"I have many things to share with the world and my music is the way in which I can share my life experiences, EzD said. "I started writing because I've experienced a lot of shit in this world and sometimes when I'm singing people start laughing because they think I'm crazy but I have to sing because according to Abraham Lincoln, whatever the mind of a man believes and conceives he will surely achieve."
Protecting civilians has never been the agenda in the West's crusade to secure its oil wealth in Libya. When you dig deep into the heart of the matter, you find that millions of lives have been turned upside down.
Developing economies that relied on remittances from those that they sent abroad in hopes of raising their standard of living have been shattered.
Of course, there are those who will make the argument that NATO was stopping Gaddafi from killing his people. But what happened to the tone by Western governments hailing Gaddafi for adopting a reformist stance and opening Libya to a more democratic future?
I've met many people working for the UN sporting fancy cars, living in penthouses in the countries they pretend to be doing humanitarian work in and for some of those people the job is just a nice way to travel and see the world with diplomatic status.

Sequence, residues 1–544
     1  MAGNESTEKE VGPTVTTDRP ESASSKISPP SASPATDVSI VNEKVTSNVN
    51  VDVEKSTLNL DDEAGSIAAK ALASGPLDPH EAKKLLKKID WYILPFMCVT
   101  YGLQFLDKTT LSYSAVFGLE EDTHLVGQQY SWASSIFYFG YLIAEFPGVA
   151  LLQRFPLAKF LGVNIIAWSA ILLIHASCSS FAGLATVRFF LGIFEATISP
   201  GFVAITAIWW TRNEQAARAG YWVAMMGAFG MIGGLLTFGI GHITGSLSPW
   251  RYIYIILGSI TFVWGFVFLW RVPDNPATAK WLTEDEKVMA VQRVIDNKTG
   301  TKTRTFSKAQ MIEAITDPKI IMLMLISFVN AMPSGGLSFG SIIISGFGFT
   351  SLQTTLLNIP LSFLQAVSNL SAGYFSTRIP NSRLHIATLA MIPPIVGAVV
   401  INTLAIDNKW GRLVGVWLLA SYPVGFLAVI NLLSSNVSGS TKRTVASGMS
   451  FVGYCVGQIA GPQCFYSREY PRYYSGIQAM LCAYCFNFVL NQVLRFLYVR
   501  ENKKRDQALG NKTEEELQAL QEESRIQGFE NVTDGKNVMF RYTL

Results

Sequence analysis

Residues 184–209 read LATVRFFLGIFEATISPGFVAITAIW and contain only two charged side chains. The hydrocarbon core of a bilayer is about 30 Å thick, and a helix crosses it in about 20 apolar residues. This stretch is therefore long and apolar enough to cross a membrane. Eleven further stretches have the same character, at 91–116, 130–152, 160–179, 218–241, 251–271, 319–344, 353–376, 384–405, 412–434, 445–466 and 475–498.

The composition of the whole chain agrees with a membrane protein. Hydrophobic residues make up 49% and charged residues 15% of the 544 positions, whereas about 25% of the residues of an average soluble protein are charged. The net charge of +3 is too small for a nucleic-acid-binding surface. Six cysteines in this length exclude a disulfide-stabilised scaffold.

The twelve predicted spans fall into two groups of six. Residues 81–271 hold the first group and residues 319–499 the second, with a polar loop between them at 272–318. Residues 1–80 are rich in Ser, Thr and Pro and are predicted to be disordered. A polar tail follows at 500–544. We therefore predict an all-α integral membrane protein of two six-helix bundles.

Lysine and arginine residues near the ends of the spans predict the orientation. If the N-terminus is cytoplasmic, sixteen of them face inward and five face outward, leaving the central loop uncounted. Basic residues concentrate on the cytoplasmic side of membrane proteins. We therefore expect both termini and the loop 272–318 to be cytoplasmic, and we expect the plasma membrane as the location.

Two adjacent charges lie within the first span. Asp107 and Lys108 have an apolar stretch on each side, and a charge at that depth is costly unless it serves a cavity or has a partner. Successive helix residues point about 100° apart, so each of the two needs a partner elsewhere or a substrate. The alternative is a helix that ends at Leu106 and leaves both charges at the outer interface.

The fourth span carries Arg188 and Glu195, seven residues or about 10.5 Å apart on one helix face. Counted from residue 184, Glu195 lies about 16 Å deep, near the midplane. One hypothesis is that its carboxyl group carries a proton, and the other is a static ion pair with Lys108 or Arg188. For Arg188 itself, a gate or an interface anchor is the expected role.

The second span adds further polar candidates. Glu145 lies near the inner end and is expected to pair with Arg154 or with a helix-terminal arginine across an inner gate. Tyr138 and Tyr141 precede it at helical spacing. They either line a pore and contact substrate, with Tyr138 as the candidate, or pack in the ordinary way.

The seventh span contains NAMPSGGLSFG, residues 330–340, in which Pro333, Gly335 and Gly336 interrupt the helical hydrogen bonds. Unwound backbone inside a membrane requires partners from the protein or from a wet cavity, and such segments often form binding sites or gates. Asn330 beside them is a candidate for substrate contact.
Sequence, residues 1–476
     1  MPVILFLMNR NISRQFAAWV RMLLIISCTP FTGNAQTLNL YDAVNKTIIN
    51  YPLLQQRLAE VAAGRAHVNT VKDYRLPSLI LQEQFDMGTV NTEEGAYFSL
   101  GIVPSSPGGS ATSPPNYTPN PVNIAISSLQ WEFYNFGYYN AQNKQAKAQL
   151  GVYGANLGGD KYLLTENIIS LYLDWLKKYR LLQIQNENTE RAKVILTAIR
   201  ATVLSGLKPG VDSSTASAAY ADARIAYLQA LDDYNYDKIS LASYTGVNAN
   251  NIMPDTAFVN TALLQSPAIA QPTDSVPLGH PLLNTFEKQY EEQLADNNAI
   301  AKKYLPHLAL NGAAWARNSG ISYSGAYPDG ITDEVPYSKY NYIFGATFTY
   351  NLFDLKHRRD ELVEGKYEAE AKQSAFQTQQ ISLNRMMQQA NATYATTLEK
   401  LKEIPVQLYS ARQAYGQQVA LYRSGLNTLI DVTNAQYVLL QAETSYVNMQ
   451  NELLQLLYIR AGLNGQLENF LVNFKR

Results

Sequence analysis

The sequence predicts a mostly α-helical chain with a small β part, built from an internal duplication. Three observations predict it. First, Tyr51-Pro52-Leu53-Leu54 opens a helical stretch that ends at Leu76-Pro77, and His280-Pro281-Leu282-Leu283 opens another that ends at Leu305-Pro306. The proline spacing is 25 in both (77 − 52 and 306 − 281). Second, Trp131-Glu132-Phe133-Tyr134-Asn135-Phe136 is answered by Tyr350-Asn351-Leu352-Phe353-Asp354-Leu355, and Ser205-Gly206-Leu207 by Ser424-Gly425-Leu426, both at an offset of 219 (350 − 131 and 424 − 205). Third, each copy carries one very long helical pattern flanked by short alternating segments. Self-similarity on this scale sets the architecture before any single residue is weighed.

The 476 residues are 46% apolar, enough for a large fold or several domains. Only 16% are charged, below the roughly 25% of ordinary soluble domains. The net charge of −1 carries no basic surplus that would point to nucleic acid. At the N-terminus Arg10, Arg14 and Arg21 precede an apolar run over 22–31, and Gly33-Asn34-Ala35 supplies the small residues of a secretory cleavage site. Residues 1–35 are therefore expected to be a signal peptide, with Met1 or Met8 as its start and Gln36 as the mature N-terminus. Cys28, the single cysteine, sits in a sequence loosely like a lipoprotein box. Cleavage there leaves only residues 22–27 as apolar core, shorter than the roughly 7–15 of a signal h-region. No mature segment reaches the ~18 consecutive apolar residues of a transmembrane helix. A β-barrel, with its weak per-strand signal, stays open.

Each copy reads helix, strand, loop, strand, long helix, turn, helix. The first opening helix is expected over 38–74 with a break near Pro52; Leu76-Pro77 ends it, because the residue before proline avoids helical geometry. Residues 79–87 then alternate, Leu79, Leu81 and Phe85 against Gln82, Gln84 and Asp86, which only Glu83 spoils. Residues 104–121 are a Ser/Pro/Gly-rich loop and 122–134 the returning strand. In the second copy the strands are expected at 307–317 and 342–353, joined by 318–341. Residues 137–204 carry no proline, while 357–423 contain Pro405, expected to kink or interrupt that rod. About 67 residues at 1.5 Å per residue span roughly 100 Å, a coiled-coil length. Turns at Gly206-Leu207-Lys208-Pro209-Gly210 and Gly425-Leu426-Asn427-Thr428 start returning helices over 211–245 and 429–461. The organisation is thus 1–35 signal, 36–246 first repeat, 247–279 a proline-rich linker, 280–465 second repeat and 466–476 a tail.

My point is that the UN is always appealing to the international community for aid to assist their efforts but last time I checked the UN was supposed to represent the international community.
Perhaps all that money they spend on salaries, like one British man I met in Beirut who was complaining that the UN shortchanged his wages by giving him a merely $600,000 a month, could be used to feed a massive amount of people.
The living conditions in the camps run by the UN both in Shousha and Tataouine could have been improved greatly to at least make the stay of these refugees and asylum seekers livable and cutting down on salaries might be one way of achieving this goal rather than constant press conferences and visits by celebrities and various staff members.
However in my opinion, these human beings are just rubbish in the eyes of the Western countries involved in the Libyan war in that they just leave them in the street and hope that on trash day someone else will come to collect them. As the sole provider for his mother and sister, who became cripple after the tragic events that swept through his region in Nigeria, EzD is now unable to continue keeping his family above water.
"I shed tears a lot because no one is talking about our future and our future matters. I'm an Englishman and an Englishman always says time is money and we're wasting time in this place," adds EzD. "If there was one thing that I could say to Mr. Ban Ki Moon is that we're not happy in this place, America we're not happy in this place and Europe we're not happy in this place."
To see more photos and hear some of EzD impromptu rhymes captured during my visit with him then you can check out my Taste Culture feature.